Sustainable design was the natural choice when World Resources Company—an environmental company based in Taiwan—decided to construct a new building to house a processing facility and offices. “Being a recycling outfit, they wanted to be sustainable,” says William Swafford, a design specialist with Virginia Beach-based SteelMaster Buildings, which manufactures prefabricated corrugated steel building systems that offer quality and durability within a versatile, architectural-arch design. “They knew we’d be able to help them get their LEED [certification].”
Their confidence, says Swafford, was a result of World Resources Company’s familiarity with SteelMaster. In 2006, when World Resources Company was seeking to build its headquarters in Taiwan, it found SteelMaster through an Internet search for companies that construct vaulted roof facilities from corrugated steel. “I believe they selected us because we let our customers go wild with their imagination, then try to accomplish their goals within realm of our engineering and manufacturing capabilities,” Swafford says.
That was certainly the case with the World Resources Company headquarters. The project went so well that when World Resources Company decided to build a second facility for processing, it turned to SteelMaster again. “Our contact at World Resources Company sketched up a building and asked me we could do something like that,” says Swafford. “We said yes, and over the next year, World Resources Company architects worked with our engineers on the design. In 2010 they signed off on drawings, we manufactured the panels based on the approved specifications, and we shipped it in pieces to be bolted together on-site in Taiwan.”
“You can fit a large structure into an extraordinarily small case. The best way to picture it is to imagine a can of Pringles. Our panels are shaped like a chip, and they stack together that way.”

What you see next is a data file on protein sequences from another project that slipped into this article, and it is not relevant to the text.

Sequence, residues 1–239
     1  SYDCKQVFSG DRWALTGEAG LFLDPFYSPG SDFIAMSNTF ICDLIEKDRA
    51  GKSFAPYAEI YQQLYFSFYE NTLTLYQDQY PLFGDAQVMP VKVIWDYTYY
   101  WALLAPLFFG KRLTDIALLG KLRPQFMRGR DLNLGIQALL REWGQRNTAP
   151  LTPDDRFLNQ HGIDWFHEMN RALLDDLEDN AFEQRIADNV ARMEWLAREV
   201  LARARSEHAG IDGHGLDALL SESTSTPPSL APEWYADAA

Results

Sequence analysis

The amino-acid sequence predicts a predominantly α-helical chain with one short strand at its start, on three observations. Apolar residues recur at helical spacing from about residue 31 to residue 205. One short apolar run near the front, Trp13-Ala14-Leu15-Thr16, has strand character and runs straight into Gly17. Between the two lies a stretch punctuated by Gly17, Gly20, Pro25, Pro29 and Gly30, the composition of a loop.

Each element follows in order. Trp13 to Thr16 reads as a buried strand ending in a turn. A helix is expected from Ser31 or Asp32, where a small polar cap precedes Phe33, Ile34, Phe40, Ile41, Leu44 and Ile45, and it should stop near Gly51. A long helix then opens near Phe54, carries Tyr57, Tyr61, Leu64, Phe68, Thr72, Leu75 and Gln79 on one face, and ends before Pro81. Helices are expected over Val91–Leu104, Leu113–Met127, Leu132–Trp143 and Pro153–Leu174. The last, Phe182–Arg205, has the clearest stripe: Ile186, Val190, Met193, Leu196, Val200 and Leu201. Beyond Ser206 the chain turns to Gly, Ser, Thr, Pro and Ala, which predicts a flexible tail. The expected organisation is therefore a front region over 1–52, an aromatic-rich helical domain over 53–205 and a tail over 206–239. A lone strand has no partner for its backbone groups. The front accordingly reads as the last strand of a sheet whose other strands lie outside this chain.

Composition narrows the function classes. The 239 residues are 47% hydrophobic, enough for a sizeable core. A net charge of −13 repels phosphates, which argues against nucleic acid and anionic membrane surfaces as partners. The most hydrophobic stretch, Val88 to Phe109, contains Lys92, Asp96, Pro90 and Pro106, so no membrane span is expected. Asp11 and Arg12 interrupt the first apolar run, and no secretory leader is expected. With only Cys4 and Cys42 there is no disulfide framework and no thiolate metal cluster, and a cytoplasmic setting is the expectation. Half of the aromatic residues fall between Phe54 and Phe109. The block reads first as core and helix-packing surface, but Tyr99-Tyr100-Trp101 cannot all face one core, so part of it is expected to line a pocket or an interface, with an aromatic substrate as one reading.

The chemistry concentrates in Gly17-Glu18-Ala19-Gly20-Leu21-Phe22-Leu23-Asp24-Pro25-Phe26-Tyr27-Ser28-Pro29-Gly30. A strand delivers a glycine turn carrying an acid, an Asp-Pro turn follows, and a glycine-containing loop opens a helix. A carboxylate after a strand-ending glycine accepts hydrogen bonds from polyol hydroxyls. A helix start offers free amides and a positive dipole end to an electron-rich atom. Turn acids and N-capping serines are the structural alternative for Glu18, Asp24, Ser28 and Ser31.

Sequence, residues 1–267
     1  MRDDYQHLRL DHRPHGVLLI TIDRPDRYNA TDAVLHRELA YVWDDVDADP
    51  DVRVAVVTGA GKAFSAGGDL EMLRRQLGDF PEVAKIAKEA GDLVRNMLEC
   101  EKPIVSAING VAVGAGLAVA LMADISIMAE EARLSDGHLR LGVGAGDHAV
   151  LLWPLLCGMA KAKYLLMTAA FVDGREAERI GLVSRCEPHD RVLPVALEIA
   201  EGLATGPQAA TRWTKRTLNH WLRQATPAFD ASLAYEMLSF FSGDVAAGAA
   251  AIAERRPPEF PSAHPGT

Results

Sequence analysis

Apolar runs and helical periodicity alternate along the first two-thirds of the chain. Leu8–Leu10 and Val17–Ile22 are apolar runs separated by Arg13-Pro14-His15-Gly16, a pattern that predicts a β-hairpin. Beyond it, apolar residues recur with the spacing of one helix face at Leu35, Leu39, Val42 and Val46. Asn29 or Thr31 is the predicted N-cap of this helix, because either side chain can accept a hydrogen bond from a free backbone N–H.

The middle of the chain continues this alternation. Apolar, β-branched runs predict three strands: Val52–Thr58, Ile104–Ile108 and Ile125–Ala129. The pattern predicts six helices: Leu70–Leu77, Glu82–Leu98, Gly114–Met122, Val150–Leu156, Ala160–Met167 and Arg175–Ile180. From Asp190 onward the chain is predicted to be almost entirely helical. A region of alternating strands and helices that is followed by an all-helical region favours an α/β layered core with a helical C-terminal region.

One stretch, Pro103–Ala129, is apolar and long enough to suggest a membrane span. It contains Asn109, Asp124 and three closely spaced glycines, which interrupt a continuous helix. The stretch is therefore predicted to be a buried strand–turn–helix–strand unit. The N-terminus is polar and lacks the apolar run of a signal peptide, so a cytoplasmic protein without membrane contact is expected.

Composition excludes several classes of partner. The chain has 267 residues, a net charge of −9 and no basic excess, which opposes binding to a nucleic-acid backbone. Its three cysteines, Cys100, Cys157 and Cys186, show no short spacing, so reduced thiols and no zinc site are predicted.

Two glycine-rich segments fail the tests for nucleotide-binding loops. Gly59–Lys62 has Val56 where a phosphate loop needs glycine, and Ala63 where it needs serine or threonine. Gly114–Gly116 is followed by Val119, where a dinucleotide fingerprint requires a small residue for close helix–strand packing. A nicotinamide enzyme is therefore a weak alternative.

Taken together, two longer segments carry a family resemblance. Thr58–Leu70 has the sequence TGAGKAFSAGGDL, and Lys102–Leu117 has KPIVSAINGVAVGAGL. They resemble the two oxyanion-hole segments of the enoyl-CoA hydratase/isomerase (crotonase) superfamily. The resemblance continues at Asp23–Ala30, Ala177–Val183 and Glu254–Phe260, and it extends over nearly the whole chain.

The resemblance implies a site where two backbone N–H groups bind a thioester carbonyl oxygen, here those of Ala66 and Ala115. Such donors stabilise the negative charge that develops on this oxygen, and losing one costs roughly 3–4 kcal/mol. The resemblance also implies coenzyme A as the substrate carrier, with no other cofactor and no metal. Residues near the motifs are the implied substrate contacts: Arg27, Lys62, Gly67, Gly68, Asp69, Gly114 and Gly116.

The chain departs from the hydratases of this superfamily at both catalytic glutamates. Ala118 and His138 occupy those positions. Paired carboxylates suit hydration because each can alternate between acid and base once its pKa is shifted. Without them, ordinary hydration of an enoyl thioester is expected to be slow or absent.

-William Swafford, SteelMaster Buildings
That’s the typical production process for SteelMaster, which starts by manufacturing deep corrugated steel panels and then forms them into prefabricated arch-type steel buildings or other objects. “At the end of day, our proprietary component, which customers such as World Resources Company seek, is our corrugated steel panel with a post-consumer and post-industrial recycled content of around 90 percent,” Swafford says. “They can then be used to make anything from a building to a fence.”
The second World Resources Company facility, now under construction, is a two-part 8,300-square-foot building with a truss system that spans the width of the second floor. The part of the building SteelMaster was responsible for—the roof—spans both buildings and the space between, where an earth-covered surface acts as a rooftop garden.
The roof itself is highly energy efficient. Traditional dark asphalt shingle roofs absorb solar radiation, making a building hot during the summer months. In contrast, Energy Star-rated metal roofing materials, such as SteelMaster corrugated steel panels, reflect a high percentage of the sun’s energy back into the atmosphere, lowering building temperatures and, subsequently, cooling loads. Studies conducted by the Cool Metal Roofing Coalition and Oak Ridge National Laboratory have shown that energy-efficient metal roofing materials, when combined with Energy Star-rated reflective paint systems, can save up to 40 percent on cooling costs versus asphalt shingle roofing.
But energy efficiency isn’t the only sustainable factor World Resources Company considered when selecting SteelMaster. SteelMaster’s corrugated steel also produce a minimal amount of waste. “The steel comes into our facility on coils, and we’re not cutting chunks off that get thrown away,” Swafford says. “The only real waste is the plugs where we punch holes for bolts to go through, and those plugs are recycled.”
Additionally, shipping is very efficient, resulting in a reduced carbon footprint. “You can fit a large structure into an extraordinarily small case,” says Rob Poellnitz, vice president of international sales for SteelMaster. “The best way to picture it is to imagine a can of Pringles. Our panels are shaped like a chip, and they stack together that way. As a result, we shipped all of the World Resources Company building materials in three containers.”